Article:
Development and Urbanization
Co-Authors: Elizabeth Rhoads - PhD Candidate, Kingâ€™s College London
As heritage, identity, and public history become increasingly politicised and contested, dominant members of one or varying groups may appropriate or manipulate the conservation narrative for their own interests. This is further complicated by legal frameworks which can work to both protect and complicate the protection of heritage buildings and the rights of their residents. Modern conservation frameworks often come hand-in-hand with strengthening property rights in order to realize security of investment and leverage local assets and credit markets to fund conservation. Yet both conservation frameworks and law and development understandings of property rights as the underutilized productive assets of the poor, often overlook engagement with those who actually live in heritage properties, overestimate the inclusivity of the benefits conservation or legal certainty will bring, or undervalue the consequences that universalised conservation and property rights standards have for poor and marginalized people.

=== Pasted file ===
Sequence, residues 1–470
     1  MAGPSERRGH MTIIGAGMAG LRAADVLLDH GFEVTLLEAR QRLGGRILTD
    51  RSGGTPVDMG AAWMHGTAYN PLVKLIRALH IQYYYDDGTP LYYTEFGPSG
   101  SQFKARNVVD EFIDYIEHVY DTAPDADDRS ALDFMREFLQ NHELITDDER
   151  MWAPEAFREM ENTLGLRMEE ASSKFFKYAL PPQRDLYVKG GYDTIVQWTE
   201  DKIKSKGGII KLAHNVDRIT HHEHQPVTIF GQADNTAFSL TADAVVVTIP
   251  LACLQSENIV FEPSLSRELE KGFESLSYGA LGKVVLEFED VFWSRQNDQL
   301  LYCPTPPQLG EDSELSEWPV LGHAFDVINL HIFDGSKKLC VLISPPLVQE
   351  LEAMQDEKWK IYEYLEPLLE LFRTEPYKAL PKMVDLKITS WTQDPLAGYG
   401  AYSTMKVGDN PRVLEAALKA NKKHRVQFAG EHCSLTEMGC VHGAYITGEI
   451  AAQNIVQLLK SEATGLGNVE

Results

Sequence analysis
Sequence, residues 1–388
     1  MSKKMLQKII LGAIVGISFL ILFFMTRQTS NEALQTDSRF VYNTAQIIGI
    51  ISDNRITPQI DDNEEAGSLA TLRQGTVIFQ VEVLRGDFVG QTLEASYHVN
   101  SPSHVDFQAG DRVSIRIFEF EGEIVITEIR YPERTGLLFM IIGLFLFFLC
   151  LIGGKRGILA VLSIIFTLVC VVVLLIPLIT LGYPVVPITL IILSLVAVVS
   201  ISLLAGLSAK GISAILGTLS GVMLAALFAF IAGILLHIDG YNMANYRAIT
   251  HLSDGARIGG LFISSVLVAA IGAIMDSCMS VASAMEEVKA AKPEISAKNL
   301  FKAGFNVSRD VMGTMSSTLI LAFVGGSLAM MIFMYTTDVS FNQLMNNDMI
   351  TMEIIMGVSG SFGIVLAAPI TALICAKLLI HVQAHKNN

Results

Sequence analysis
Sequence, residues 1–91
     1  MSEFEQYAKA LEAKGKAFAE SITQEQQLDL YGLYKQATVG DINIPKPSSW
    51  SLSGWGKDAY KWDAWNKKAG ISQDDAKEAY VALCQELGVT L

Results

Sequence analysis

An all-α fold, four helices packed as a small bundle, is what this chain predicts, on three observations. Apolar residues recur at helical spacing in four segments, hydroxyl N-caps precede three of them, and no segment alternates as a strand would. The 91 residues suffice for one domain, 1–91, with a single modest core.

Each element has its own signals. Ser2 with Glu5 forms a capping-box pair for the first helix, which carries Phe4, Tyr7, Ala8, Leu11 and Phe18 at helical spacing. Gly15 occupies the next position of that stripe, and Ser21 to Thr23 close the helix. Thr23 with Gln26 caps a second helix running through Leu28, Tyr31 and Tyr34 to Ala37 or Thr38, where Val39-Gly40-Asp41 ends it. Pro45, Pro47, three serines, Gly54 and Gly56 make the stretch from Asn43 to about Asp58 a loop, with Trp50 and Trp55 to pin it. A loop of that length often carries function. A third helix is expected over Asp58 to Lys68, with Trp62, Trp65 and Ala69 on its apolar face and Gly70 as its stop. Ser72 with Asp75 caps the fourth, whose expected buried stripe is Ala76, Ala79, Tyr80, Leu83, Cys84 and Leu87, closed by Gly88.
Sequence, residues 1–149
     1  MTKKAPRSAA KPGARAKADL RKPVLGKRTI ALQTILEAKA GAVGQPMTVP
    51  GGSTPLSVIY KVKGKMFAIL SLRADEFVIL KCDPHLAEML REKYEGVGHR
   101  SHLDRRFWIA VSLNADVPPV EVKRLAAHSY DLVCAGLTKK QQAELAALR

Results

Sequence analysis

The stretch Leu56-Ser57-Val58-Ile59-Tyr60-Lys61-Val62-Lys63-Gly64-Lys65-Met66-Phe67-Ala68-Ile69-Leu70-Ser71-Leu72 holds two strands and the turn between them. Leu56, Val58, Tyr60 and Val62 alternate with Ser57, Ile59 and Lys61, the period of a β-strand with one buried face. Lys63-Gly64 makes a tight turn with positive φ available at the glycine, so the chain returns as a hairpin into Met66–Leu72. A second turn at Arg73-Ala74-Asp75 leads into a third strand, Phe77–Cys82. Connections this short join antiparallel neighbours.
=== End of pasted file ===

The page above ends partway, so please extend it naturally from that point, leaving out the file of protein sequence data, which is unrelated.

This paper will bring together work on Yangon’s heritage and property rights landscapes, exploring implications for the heritage conservation process in Yangon. In light of the highly dynamic and evolving political and social landscape as the city opens to investment and courts modernisation, this paper aims to contribute to an understanding of the classification and conservation of heritage properties in Yangon, and to complement the overall development discourse in the under researched context of Myanmar